Diarrhoea and respiratory infections kill up to four million children every year. Human excreta are the source of most diarrheal pathogens and some respiratory infections. Hands play a key role in the spread of these infections. Research has shown that washing hands with soap at critical moments – after contact with human excreta and before handling food – could reduce diarrhoea incidence by 42- 47percent. Handwashing with soap has now also been shown to have the potential to reduce respiratory infections by 23 per cent.

Changing existing handwashing habits is difficult and requires a vast and concerted effort. Past hygiene promotion efforts in water and sanitation programs have had limited scope and impact. The approach to handwashing promotion developed by the Public-Private Partnership to Promote Handwashing (PPPHW) involves careful consumer research and the use of social marketing to bring about large-scale behaviour change. At the country level, the PPPHW Initiatives bring together the optimal public and private sector resources and expertise to design and manage state-of-the-art handwashing campaigns. While each national PPPHW initiative is in some ways unique, core components shared by all national handwashing initiatives include:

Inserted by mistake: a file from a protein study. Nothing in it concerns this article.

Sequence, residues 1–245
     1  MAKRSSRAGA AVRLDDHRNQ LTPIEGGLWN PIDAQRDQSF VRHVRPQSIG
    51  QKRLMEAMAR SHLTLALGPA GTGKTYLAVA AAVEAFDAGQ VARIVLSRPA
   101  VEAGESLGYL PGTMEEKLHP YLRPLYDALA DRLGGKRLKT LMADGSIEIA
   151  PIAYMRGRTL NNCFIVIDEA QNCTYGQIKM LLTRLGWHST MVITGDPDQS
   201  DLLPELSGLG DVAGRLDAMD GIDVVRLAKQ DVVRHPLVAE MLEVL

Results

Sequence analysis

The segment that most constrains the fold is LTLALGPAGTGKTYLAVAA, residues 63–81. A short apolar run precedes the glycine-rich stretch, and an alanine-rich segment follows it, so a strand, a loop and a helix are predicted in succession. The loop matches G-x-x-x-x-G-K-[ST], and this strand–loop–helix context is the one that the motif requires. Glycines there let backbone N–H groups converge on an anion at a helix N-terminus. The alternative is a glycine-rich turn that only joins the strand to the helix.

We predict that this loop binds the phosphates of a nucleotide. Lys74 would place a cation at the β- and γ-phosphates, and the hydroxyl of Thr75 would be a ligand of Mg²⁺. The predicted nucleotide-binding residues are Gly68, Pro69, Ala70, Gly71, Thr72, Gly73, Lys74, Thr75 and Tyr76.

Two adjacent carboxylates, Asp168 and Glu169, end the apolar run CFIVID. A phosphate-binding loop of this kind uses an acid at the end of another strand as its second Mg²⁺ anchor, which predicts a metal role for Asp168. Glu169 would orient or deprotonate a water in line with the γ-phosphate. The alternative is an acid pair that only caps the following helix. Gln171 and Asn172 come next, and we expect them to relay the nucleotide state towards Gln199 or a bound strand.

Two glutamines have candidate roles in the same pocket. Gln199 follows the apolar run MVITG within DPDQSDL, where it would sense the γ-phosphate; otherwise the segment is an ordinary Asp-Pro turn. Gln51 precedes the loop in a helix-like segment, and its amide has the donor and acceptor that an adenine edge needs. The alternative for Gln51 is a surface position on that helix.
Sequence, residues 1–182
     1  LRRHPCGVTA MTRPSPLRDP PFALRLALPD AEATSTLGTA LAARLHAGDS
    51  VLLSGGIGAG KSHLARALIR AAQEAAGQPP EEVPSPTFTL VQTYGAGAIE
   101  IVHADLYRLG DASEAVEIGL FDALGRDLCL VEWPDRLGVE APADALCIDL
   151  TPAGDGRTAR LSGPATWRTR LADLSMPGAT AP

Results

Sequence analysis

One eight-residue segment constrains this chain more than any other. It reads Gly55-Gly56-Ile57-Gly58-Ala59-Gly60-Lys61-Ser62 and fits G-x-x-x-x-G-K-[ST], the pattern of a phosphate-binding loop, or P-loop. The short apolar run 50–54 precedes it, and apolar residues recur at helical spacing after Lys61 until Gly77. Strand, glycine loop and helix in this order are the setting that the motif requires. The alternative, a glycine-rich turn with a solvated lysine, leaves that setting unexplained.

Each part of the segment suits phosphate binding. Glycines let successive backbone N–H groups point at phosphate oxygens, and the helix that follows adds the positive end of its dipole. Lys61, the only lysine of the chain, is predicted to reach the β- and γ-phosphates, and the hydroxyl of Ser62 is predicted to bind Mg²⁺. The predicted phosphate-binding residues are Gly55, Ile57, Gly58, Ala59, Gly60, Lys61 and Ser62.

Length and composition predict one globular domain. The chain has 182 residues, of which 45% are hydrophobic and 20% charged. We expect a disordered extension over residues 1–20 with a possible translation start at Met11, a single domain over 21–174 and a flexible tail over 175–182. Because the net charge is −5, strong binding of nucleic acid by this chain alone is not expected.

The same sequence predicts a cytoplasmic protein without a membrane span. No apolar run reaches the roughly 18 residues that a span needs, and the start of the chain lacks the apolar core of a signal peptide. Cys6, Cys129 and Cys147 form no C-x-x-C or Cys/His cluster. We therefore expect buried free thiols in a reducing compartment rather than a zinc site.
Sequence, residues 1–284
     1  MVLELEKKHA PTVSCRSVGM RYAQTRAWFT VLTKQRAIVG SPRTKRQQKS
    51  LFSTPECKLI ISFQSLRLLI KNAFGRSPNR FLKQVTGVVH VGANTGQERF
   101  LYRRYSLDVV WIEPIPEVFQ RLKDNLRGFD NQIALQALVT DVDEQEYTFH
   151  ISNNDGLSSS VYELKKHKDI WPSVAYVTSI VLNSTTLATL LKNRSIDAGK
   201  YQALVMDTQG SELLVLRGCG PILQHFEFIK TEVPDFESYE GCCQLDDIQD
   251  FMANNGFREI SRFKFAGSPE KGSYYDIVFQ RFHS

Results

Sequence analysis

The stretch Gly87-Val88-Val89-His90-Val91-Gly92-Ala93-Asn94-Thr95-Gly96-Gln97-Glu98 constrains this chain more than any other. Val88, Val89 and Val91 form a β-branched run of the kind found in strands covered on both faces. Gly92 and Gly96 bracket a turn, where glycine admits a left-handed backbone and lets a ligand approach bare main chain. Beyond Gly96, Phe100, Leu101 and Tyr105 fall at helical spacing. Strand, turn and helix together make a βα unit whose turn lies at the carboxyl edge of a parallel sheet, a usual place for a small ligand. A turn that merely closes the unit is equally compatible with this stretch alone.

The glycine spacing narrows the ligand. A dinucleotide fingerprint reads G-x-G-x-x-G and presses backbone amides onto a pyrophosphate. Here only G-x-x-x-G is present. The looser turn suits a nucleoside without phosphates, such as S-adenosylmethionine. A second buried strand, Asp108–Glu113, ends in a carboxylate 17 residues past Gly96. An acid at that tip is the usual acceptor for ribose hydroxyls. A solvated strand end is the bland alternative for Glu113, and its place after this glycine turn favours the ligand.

Researching consumer needs to identify handwashing habits, drivers, barriers, and optimal communication channels.

Designing and testing appropriate and appealing messages, based on consumer research findings.

Implementing a promotion program making use of all suitable communication channels.

Measuring and evaluating results.

Further, the approach to handwashing developed under the BNWP-funded PPPHW aims to create sustainable and long-term behaviour change by integrating handwashing initiatives into existing services, especially in schools and health outreach programs.

The project sought to reduce the incidence of diarrhoeal diseases in poor communities through Public-Private Partnerships (PPP) promoting handwashing with soap.
Lessons learned were used to promote the approach at a global level.

The project implementation included the following work components:

Provision of technical support, including international marketing expertise, to projects in Ghana, Nepal, Peru, and Senegal; and

A global advocacy and the development of tools for the effective replication of the handwashing partnership approach.